By Jenny Coyne ’18
This year I started journaling. Every night, after I finished up my WebAssign problem sets, English poetry journals, and French causettes, I would crawl into my bed and begin my nightly reflection. My journal was not littered with earth shattering insights or existential truths. It was not filled with the emotional toil of a teenage girl living in the suburbs. It was not a collection of doodles. So, what was it? What did I commit myself to writing?
Every night, I wrote strictly pragmatic reflections that described my daily actions; sometimes, the opening lines became rather tedious. Here a collection of my best: “Wow, I hate Church” (sorry Mom and Dad!), “What a day. It was Tuesday, but felt like a Monday” (how insightful, Jenny.), “Today was my first water main day!” (remember that?). The following pages of handwritten paragraphs document my day, describing classes, free times, sports practices, and homework.
I began writing with the intention of reading my journal in the future, jumping back in time to any specific day and being able to relive it in memory. As I was writing, this seemed like a far-off and distant goal. Spending time every night to record what seemed like the basic motions of everyday life was hard to do. However, now I have one of the first chances to reap the benefits of my strictly pragmatic journal. I want to share my journal entry from one of my favorite days of senior year: February 1, 2018.
TODAY WAS MY JOURNAL CLUB PRESENTATION! I woke up at 5:55 AM because I wanted to get to school at 7:00 for a 7:25 start. So, I showered, put on my outfit, and ate breakfast with Mom. In my new business look, I felt like a put together boss lady. I got to school at seven and made some last-minute adjustments to my slides (I actually changed the entire group delay dispersion section). Then I went down to the lab to get a beaker for the bent pencil refraction example. When I got back up to the faculty lounge at 7:05 for a 7:25 start, the room was locked, and there was no journal club member in sight. Finally, a member of the kitchen staff came in, and I started rearranging the furniture. Too bad that wasn’t done earlier!
As 7:25 approached, people started to trickle in, and guess who was the first to arrive? Jamie! With minty mint tea! BOI! A lot of my other friends came too: Josie, Shruti, Alexis, Sana, Clyde, Helen and Kevin Ma, Kassidy, Naiyah, and more! It was so cool to have so many of my friends there to support me. Wow, I love Pingry. I really wanted people to come, but I didn’t want to seem self-important. The presentation itself went well. I started out with an Oprah meme and diffraction grating glasses. Then we talked about light as a wave, reflection and refraction, and finally the paper itself: “A broadband achromatic metalens for focusing and imaging in the visible.” My presentation was just about 30 minutes long, a little too long, but I had fun! I was so touched that so many of my friends came (and brought my favorite tea!).
After the presentation I was floating on a high. Mom, Dad, and I went out to Starbucks for breakfast. We saw Mrs. Simon, mother of Alli Simon, and we talked about Handbells. At school, I had physics, Chinese, and math, along with a credit union meeting, iRT, and practice. A long but super fun day!
Because I loved presenting at Journal Club so much, I think that I might want to be a professor when I grow up. So now, I have three things: work at NASA, be an architect, and be a professor!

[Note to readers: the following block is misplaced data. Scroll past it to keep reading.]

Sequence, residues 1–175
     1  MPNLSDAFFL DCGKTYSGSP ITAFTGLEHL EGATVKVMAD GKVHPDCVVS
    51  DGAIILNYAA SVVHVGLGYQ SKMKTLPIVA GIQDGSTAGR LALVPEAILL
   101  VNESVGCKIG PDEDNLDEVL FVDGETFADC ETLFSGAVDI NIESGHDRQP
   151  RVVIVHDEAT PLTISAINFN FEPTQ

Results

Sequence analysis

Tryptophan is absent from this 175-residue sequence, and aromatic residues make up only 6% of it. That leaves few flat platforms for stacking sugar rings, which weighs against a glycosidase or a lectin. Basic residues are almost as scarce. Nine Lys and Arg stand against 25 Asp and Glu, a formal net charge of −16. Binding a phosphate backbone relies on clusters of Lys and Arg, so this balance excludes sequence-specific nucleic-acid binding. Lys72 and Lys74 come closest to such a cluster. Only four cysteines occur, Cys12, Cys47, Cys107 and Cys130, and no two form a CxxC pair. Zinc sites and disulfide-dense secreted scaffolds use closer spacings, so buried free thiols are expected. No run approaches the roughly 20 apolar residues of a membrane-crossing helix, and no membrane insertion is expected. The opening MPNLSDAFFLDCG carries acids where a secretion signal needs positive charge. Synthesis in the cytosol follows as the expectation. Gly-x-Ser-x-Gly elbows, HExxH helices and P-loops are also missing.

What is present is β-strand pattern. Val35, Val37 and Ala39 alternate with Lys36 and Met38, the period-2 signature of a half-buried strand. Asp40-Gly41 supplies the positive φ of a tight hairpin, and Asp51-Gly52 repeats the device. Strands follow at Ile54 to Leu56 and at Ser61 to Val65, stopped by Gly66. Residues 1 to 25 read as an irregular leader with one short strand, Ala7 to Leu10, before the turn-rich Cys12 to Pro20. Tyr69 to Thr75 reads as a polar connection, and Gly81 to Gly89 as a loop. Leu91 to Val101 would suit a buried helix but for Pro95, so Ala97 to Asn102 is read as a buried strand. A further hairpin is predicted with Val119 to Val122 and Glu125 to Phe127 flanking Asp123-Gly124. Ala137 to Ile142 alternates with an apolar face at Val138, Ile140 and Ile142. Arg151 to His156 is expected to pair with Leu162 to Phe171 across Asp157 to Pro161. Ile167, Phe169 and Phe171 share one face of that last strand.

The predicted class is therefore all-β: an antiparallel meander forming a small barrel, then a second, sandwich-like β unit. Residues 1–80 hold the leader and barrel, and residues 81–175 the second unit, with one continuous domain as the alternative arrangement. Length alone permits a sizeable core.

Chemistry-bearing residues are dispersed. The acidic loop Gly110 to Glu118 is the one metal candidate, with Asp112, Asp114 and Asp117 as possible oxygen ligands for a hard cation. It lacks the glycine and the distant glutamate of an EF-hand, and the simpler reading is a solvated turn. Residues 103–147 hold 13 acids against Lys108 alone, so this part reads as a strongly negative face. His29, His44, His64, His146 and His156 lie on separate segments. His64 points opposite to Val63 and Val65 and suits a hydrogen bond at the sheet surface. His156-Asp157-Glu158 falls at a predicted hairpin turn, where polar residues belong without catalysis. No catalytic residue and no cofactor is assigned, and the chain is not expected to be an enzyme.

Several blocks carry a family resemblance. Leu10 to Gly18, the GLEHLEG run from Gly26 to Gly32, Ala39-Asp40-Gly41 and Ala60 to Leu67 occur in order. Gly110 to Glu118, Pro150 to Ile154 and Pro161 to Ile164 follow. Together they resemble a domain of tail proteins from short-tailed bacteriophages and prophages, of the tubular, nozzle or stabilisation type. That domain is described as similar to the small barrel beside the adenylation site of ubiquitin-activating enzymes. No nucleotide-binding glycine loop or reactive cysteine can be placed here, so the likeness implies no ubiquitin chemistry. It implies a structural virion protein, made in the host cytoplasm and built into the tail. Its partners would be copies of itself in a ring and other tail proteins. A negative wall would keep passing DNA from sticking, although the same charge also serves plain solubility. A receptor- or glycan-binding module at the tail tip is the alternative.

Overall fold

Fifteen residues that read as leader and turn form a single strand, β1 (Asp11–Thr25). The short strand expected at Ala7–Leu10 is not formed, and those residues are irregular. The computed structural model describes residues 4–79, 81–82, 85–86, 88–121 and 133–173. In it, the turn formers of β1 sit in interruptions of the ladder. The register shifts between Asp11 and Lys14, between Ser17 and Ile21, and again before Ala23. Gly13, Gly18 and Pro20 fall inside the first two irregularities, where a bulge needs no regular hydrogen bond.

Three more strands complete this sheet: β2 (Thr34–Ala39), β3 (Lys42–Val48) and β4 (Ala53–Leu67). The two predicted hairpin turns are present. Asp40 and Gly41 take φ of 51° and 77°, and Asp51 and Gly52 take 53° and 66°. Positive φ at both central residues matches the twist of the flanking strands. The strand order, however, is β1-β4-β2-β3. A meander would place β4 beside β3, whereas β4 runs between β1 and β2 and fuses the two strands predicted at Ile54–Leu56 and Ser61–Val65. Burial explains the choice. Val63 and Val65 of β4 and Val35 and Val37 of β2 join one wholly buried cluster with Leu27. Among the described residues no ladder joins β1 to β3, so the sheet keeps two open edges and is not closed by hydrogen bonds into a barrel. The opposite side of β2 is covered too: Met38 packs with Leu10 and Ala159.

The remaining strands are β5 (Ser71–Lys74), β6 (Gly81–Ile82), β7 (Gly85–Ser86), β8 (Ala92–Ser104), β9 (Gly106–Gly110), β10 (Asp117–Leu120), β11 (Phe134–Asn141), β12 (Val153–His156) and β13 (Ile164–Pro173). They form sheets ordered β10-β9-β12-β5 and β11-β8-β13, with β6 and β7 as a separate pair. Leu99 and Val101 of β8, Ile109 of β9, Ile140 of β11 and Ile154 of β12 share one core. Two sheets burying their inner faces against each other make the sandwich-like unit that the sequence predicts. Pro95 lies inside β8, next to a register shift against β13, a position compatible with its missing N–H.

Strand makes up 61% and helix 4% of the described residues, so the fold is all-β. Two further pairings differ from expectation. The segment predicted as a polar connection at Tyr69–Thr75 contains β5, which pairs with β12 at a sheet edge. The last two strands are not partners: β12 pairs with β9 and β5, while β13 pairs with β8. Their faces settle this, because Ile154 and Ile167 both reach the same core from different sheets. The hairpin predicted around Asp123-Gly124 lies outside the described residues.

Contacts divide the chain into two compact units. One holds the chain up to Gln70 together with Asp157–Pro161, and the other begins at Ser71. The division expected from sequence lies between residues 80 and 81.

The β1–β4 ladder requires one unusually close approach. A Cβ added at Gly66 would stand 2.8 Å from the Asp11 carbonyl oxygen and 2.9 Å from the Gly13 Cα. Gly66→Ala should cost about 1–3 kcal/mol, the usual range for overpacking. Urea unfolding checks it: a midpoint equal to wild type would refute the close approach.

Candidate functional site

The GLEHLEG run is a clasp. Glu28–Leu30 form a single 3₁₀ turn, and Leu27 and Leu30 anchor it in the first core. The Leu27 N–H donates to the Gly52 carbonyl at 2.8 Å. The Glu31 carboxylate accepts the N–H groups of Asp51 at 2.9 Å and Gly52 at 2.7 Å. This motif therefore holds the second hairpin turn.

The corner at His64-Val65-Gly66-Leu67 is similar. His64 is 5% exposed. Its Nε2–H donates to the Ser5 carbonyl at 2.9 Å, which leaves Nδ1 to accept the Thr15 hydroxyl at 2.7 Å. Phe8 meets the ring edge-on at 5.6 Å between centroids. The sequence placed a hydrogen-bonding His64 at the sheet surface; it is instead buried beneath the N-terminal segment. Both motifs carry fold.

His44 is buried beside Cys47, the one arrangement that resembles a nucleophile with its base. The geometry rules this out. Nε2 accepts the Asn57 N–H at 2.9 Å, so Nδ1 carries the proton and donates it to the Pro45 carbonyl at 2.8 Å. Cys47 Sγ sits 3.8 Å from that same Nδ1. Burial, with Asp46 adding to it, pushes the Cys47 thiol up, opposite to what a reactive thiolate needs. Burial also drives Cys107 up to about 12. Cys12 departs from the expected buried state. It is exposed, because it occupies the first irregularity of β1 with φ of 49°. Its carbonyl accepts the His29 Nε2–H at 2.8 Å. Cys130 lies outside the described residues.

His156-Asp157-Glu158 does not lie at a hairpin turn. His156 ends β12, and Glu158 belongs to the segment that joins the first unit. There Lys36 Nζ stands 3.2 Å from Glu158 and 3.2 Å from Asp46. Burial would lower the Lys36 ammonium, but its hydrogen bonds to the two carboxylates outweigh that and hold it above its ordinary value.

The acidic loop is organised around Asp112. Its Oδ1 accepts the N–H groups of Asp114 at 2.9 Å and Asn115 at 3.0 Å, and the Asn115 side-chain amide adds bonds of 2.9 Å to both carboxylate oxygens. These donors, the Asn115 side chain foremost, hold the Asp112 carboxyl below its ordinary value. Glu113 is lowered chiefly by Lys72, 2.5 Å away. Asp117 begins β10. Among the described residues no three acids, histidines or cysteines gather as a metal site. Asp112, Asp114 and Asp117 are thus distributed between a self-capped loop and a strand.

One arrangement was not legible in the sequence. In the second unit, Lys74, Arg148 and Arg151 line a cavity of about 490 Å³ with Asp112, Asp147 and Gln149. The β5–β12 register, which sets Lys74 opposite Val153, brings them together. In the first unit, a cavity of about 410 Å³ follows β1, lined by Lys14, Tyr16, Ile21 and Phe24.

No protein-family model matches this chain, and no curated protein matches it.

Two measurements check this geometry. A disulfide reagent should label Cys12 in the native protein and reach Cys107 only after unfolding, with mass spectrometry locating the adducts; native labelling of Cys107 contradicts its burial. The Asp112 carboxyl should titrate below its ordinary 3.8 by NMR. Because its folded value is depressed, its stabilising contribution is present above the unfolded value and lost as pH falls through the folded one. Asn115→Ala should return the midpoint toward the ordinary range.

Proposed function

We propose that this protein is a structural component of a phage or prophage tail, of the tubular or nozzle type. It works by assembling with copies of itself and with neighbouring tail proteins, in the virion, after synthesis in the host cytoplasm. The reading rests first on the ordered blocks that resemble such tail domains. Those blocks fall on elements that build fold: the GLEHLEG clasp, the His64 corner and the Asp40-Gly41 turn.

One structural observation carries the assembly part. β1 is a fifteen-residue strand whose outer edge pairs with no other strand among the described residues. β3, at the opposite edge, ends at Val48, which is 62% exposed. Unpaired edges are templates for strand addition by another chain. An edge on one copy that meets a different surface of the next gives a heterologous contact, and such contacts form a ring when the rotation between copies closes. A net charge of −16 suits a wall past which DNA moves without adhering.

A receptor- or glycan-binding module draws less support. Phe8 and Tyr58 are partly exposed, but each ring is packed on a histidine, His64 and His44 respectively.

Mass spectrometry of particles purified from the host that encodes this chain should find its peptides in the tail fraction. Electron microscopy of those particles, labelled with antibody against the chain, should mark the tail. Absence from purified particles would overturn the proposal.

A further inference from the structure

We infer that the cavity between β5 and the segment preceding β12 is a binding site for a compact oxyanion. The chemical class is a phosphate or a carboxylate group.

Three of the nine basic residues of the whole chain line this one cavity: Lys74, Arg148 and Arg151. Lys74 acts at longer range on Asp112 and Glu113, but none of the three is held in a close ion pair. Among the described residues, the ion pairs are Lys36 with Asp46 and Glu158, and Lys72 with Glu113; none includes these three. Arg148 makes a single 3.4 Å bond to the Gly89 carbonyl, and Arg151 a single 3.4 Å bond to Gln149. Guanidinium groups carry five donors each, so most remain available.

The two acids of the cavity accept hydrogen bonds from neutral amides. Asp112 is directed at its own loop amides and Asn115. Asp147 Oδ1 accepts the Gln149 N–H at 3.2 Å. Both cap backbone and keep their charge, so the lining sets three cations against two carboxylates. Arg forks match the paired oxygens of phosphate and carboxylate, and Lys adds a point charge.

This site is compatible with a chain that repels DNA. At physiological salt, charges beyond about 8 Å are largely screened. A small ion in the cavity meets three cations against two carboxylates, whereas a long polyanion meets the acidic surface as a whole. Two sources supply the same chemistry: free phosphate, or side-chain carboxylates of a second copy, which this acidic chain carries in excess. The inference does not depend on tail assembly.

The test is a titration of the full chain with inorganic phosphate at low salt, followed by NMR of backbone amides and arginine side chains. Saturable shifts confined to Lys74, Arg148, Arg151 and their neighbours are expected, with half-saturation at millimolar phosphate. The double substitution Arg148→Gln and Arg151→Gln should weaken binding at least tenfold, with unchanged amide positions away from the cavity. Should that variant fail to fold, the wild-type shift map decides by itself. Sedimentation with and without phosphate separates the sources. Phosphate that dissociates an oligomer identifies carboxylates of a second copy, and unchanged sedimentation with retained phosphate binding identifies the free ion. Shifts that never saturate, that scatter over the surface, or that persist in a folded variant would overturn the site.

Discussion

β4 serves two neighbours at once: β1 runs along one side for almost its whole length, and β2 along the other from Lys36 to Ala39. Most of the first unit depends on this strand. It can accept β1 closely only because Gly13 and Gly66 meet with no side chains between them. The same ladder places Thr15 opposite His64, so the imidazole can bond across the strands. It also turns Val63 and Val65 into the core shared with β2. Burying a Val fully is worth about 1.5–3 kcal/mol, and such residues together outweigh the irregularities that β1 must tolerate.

There are a couple of conclusions that I can draw from this entry, most of which are fairly obvious and you, as a reader, probably expect to see in a senior reflection. 1) At Pingry, I fostered amazing friendships that grew into real networks of support. 2) Clubs at Pingry, like Journal Club, give us all opportunities to deeply explore our interests and share our findings with others. 3) Starbucks is literally a breeding ground for Pingry connections. Talking to Mrs. Simon about Handbells was a highlight of my day!
To me, this journal entry reveals something much bigger. This journal entry was just another day in my life. When I was rereading this entry, I was shocked by the tone of normalcy. Besides the capitalized introductory sentence “TODAY WAS MY JOURNAL CLUB PRESENTATION.” and the “Wow, I love Pingry,” nothing in the entry communicated anything extraordinary. I never once said “This was an amazing day.” To me, presenting on premier scientific literature at 7:30, going out to breakfast with my parents, attending classes, meetings, and swim practice constituted a standard day. Looking back on it, February 1, 2018 would be considered an amazing day under nearly any circumstances other than my Pingry student perspective. It was a day that I decided academia could be a career, a day in which I was able to spend time with my parents, and a day in which friends loved and supported me, but to me it was a day that was filled with what seemed to be normalcy.
At Pingry, the extraordinary experiences are so often that they appear normal and average. In what universe does a seventeen-year-old hustle from optical physics to millennium handbells to the financial world to cancer mutation to swim practice? At Pingry, you can do it all, and it seems normal. However, on February 1, 2018, I groaned as I sat in bed and dreaded writing my entry for the day. I did not consider that day to be particularly extraordinary, and I even questioned if anything noteworthy had actually happened. Today, I know the answer. It is only with the perspective of time—and those seemingly tedious and dumb journal entries—that I have been able to appreciate the extraordinarily ordinary life that Pingry gave me.